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ANALYSIS: SPAC IPOs Boom; Litigation Follows

Feb. 4, 2021, 9:07 AM

Special Purpose Acquisition Company litigation activity has risen fast on the heels of record SPAC initial public offerings in 2020. This upward trend likely will continue well into 2021 for two reasons: SPACs are the current preferred means by which companies go public; and the SPAC process itself may be creating fertile ground for initiating litigation.

After increasing throughout 2020, SPAC IPOs outnumbered traditional IPOs 129 to 86 in the fourth quarter. That trend accelerated in January, with SPAC IPOs dominating traditional IPOs 3 to 1.

Like the deals themselves, both pre- and post-merger SPAC litigation rose in 2020 and into 2021.

Filed either before or after the de-SPACing process (that is, a reverse merger with the SPAC), these suits usually target the sufficiency of proxy statement disclosures, the quality of the selected target, and/or allegations that the post-merger operating company misled investors. For example, plaintiff stockholders suing zero-emissions truck maker Nikola Corp. alleged that they relied on company statements, purchased Nikola shares at inflated stock prices, and then were harmed when prices better reflected the hidden reality about the company’s production and operations capabilities that came to light shortly after the merger.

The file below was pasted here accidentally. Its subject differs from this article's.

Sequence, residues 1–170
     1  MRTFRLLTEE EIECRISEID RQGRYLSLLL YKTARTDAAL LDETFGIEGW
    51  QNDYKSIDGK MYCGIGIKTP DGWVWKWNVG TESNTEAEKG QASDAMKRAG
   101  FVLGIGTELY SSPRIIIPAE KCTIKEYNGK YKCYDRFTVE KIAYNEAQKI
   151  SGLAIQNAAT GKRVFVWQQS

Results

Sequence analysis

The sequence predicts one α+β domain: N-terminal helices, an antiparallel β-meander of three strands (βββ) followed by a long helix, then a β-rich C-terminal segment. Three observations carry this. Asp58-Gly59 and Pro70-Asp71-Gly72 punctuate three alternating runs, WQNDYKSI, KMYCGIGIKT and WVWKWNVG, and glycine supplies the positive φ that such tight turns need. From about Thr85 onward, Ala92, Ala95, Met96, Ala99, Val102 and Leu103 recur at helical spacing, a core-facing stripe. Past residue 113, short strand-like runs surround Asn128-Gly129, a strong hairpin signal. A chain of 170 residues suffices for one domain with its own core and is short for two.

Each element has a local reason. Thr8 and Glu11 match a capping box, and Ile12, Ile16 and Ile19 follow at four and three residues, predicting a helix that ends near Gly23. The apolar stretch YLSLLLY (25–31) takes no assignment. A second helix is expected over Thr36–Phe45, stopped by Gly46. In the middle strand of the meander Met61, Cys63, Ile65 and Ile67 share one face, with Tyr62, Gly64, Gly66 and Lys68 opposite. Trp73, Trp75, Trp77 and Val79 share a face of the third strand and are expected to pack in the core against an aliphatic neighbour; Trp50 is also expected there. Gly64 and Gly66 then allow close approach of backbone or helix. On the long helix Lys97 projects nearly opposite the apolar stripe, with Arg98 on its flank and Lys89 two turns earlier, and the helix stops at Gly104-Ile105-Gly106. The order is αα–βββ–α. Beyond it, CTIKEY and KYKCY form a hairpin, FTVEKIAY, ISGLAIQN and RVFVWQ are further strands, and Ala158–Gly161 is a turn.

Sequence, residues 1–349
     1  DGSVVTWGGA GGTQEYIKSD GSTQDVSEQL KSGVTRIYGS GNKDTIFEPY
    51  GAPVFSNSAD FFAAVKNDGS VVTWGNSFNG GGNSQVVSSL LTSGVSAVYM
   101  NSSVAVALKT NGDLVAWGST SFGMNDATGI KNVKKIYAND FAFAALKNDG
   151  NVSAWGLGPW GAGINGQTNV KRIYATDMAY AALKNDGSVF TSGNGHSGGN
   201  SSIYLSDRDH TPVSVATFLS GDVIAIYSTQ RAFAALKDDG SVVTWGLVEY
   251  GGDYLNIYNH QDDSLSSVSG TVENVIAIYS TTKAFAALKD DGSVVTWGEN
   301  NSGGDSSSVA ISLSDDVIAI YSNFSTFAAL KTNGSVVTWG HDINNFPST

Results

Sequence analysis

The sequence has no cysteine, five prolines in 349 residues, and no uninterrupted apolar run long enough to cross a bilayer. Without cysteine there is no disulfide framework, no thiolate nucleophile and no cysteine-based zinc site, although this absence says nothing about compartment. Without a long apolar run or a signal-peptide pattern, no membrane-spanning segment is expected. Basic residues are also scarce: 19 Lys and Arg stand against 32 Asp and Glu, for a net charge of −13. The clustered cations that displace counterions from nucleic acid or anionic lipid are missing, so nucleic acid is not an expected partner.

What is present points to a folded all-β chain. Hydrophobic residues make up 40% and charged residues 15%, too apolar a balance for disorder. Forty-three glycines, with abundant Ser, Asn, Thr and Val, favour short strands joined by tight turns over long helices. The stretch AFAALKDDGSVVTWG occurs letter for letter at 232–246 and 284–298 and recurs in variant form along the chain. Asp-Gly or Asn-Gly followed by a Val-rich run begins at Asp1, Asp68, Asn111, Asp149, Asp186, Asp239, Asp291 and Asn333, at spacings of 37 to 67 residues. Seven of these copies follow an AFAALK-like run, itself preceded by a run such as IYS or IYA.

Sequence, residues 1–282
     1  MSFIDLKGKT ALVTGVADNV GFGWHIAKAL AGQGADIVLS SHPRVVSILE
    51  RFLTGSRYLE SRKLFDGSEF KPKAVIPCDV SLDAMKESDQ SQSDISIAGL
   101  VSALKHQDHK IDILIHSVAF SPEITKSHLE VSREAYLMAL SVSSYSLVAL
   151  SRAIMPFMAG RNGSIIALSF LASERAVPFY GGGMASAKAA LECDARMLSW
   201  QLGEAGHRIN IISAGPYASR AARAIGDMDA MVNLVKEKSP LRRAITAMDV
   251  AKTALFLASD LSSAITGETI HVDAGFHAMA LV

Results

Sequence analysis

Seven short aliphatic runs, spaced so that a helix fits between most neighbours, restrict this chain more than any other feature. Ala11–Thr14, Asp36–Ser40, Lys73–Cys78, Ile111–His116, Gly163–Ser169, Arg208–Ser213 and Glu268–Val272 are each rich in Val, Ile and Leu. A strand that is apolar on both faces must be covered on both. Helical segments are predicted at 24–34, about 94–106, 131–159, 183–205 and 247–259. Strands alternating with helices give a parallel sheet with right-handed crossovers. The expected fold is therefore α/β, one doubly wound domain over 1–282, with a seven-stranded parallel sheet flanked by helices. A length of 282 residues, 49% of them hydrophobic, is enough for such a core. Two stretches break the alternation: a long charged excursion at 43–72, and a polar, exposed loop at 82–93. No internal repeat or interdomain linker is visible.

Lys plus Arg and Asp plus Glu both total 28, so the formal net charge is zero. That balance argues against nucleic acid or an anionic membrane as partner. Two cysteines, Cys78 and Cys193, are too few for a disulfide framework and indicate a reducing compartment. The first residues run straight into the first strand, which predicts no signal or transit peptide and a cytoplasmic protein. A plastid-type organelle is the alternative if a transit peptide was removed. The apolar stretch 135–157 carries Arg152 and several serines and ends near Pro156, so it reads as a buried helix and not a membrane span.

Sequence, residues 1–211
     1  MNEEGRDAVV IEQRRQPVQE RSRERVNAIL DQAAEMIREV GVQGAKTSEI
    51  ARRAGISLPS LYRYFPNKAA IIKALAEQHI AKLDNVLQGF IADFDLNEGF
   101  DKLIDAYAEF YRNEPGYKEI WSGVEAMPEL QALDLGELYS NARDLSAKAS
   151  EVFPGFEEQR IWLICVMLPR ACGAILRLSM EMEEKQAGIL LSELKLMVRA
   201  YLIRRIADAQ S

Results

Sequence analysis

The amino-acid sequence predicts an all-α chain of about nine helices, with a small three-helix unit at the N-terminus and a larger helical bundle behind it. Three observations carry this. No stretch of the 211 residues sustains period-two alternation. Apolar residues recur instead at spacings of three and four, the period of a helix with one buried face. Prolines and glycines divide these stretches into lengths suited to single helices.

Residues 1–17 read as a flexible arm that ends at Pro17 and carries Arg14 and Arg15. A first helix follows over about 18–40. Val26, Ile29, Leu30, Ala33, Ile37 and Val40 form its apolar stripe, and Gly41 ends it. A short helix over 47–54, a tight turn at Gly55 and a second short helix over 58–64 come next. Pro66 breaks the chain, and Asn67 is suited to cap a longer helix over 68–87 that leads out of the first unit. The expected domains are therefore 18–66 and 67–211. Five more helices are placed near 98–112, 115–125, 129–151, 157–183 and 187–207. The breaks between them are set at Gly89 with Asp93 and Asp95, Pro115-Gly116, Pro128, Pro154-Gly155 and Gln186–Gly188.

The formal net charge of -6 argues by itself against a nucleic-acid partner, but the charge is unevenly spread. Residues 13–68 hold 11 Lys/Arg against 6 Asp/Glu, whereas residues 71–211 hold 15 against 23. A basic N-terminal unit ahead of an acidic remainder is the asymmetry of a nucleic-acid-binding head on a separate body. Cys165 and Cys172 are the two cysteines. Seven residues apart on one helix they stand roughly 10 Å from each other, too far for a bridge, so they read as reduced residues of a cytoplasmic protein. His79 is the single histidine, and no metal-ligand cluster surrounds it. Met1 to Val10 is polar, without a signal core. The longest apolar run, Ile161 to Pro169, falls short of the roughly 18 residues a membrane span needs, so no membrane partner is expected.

The SPAC offering process also may be creating litigation opportunities beyond their sheer numbers. Before the buying frenzy, shares typically traded near the SPAC offer price ($10) ahead of the merger announcement. Now, shares often trade much higher than their redemption value, such as shares of Star Peak Energy trading as high as $38.20 on Jan. 13. If shareholders later wish to opt out of the merger and redeem their shares—as they have the right to do—they will receive only the $10 offering price as value for each of their shares plus interest, not what they actually paid. This shortfall, along with the uptick in SPAC volume, will likely create shareholder discontent—and increased litigation—in the coming year.

Bloomberg Law subscribers can find related content on our In Focus: Special Purpose Acquisition Companies resource.

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